More than 700 lightning strikes hit during storm Thursday

Thunder, lightning rip through Bay Area Thursday night

The storm that struck Thursday night triggered more than 700 lightning strikes around the Bay Area, set new records for rainfall and left thousands without power, officials said Friday.

The National Weather Service recorded 750 lightning strikes overnight in the area extending from the North Bay to Monterey County, an unusually high number for one storm, according to meteorologist Chris Stumpf. That total includes strikes that occurred off the coast.

Several areas saw new records set for rainfall on Thursday, breaking previous records set in 2003, Stumpf said. Downtown San Francisco received 1.24 inches of rain on Thursday, breaking the previous record for April 12 of 0.92 inches. Downtown Oakland got 1.26 inches, well above the previous record of 0.59 inches. Oakland International Airport got 1.2 inches, shattering the previous record of 0.77 inches. The storm helped increase rainfall for what has generally been a dry year, but totals still remain well below average for this time of year, Stumpf said.

"I know a lot of places are sitting around 60 percent of normal for this time of year, but we're still nowhere near where we were last year," Stumpf said. "Last year we were either at or above 100 percent for many places."

Thursday's storm caused flight delays, mudslides, minor flooding and power outages around the Bay Area, but much of that is starting to clear up today. At San Francisco International Airport, 60 flights were canceled on Thursday, including one London-bound United Airlines flight that turned around after it was struck by lightning. Today there are about half a dozen flights departing about an hour behind schedule as the airport catches up from Thursday night, but most flights are on time, airport duty manager Nancy Parker said.

"It's normal operations for a rainy day," Parker said. "Actually, better than normal." The storm also caused power outages throughout the Bay Area, but the majority of those have been resolved, according to PG&E.

After a week of rain, the weekend is expected to be clear and breezy, with temperatures increasing into the next week, Stumpf said.

— Bay City News Service


Like this comment
Posted by wondering
a resident of Another Palo Alto neighborhood
on Apr 13, 2012 at 1:47 pm

Wonder how the NWS actually records a lightening strike? Is this an estimate, or do they have some technique that produces accurate numbers of strikes?

Like this comment
Posted by global warming
a resident of Adobe-Meadow
on Apr 13, 2012 at 1:49 pm

Global warming is really changing our weather patterns. No Bay Area rain during the winter, but huge storms in spring? Is this going to be the norm now? I miss Thanksgiving skiing.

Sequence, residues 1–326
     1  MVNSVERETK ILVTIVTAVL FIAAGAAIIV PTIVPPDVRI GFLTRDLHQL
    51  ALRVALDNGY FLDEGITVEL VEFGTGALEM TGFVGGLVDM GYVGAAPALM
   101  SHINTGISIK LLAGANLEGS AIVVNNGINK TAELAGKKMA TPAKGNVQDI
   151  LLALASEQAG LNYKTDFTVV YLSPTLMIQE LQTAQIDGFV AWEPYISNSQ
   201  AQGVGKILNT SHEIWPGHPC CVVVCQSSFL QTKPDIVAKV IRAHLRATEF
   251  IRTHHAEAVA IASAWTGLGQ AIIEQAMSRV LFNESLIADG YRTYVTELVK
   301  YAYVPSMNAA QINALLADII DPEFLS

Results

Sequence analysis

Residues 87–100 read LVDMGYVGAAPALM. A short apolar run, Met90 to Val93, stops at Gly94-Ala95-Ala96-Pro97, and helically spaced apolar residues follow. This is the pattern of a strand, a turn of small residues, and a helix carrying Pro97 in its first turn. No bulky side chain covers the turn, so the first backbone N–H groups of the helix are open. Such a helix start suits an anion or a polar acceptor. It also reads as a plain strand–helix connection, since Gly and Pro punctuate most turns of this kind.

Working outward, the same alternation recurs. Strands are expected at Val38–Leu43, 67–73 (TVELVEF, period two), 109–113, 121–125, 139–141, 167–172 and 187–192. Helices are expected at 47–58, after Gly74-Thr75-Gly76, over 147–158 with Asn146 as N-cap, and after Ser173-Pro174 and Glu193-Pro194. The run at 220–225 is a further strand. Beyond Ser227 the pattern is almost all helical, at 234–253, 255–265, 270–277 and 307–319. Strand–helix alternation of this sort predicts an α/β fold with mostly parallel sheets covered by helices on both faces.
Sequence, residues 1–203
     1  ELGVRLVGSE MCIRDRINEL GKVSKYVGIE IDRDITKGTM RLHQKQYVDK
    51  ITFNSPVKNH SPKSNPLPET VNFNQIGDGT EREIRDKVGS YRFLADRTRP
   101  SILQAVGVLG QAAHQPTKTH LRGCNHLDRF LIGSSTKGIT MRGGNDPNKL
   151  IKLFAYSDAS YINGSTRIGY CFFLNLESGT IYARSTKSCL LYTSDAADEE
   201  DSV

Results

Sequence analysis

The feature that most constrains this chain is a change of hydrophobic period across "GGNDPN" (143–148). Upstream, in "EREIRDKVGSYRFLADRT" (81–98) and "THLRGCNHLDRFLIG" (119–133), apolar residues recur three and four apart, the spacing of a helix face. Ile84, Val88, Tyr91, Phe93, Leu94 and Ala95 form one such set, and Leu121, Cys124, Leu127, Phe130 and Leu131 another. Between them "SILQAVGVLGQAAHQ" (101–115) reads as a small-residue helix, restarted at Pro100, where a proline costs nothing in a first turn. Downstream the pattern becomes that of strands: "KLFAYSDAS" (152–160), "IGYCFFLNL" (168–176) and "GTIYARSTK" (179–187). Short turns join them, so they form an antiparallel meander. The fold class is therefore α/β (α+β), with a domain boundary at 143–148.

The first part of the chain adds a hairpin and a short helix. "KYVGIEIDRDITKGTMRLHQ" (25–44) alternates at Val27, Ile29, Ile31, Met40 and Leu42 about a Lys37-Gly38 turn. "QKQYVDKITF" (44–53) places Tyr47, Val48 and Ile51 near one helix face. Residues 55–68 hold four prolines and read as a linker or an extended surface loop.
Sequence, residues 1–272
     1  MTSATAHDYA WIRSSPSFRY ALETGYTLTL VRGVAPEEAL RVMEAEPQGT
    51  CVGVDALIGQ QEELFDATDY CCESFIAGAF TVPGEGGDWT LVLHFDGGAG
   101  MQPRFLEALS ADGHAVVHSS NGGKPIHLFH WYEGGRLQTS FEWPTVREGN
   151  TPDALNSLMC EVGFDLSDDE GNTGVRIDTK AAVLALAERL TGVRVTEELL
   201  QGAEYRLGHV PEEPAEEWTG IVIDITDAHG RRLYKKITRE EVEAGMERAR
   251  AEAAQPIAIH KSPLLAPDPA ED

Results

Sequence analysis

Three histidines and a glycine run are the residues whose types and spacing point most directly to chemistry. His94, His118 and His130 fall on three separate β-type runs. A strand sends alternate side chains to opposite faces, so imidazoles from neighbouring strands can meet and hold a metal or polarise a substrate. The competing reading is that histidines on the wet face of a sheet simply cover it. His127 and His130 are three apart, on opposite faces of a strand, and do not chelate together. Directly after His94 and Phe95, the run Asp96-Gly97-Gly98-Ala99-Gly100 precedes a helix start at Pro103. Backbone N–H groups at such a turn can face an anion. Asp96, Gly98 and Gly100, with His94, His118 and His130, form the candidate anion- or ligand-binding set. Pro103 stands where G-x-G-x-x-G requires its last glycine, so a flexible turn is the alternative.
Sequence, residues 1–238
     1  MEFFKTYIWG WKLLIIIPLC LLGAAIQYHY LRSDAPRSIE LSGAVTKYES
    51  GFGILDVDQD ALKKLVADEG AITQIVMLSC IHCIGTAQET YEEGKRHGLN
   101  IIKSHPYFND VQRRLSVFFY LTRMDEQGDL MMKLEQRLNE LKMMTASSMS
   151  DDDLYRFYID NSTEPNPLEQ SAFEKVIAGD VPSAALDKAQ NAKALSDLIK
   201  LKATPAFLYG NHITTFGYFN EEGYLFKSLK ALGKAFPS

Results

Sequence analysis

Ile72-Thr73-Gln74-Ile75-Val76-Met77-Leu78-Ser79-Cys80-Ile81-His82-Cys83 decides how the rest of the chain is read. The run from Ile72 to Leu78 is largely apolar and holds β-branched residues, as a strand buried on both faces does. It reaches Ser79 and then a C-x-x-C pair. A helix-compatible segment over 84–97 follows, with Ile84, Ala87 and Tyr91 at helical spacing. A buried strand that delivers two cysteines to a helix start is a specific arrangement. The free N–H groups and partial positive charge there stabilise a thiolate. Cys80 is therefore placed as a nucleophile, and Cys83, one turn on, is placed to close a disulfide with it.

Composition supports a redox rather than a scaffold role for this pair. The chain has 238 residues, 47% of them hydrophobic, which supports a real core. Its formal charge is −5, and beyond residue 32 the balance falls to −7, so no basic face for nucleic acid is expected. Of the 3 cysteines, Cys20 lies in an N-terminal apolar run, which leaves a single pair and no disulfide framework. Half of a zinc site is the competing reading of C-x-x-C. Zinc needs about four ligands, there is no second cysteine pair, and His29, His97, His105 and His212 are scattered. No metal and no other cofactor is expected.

Like this comment
Posted by Lightning and Thunder
a resident of Stanford
on Apr 13, 2012 at 1:51 pm

Great shot of lightening hitting the Bay Bridge over a 20 sec span - Web Link

Like this comment
Posted by Dave
a resident of Southgate
on Apr 13, 2012 at 2:51 pm

Lightning and Thunder,

Beautiful shot!

No doubt, it is proof of global warming! Well, maybe not, but it is still sublime.

Like this comment
Posted by musical
a resident of Palo Verde
on Apr 13, 2012 at 3:51 pm

One can spend a lifetime studying lightning. People would be surprised at the amount of lightning research done at Stanford and nearby corporate campuses. Yes, the weather services have accurate techniques for recording every discharge, basically like listening for the static you hear on AM radio. The exact locations can be triangulated. Such instruments are distributed around the country and around the world, sensing up to many thousand flashes per second. May be predictive of hurricane severity, tornado probability, or even large earthquakes.

Like this comment
Posted by neighbor
a resident of another community
on Apr 13, 2012 at 4:19 pm

Lightning, indeed weather itself, has no relationship to earthquakes. If it did, Washington DC, Minneapolis, Chicago and the 100s of U.S. cities who have terrible lightning for a good part of each year would be quaking like mad. Earthquakes are related to geologic phenomena.

Like this comment
Posted by musical
a resident of Palo Verde
on Apr 13, 2012 at 4:50 pm

The mechanism is a current research topic, especially in Japan and China. Seismic strains do set up electric fields, which under favorable meteorological conditions may produce excess cloud to ground discharges. That's how strain meters and new bathroom scales work, measuring the electric field of a crystal under load. At Stanford they study how very low frequency (VLF) radio waves may change character before an earthquake, and papers were written about it after the 1989 event. Science can be really quite interesting. They should teach more of it in high school.

Like this comment
Posted by [azlo
a resident of Old Palo Alto
on Apr 13, 2012 at 5:34 pm

always funny to read the comments from internet scientists on global warming(?) Good laugh when meterologist Stumpf claimed rain totals this year were less than last year, guess thats why they tally yearly totals as "average rainfall totals" Guess he missed that day at meterologist school.

Like this comment
Posted by Wondering
a resident of Another Palo Alto neighborhood
on Apr 13, 2012 at 6:20 pm

> Lightning, indeed weather itself, has no relationship to earthquakes

There is some evidence that RF electrical energy is released during, or possibly before, an earthquake. If true, then this RF energy could be detected, and triangulated, just as with the lightening strikes.

The issue on the table is not what causes lightening, but how is it detected remotely.

I looked up the detection mechanism, which is called LDAR (Lightning Detection and Ranging).

Sorry, but further commenting on this topic has been closed.

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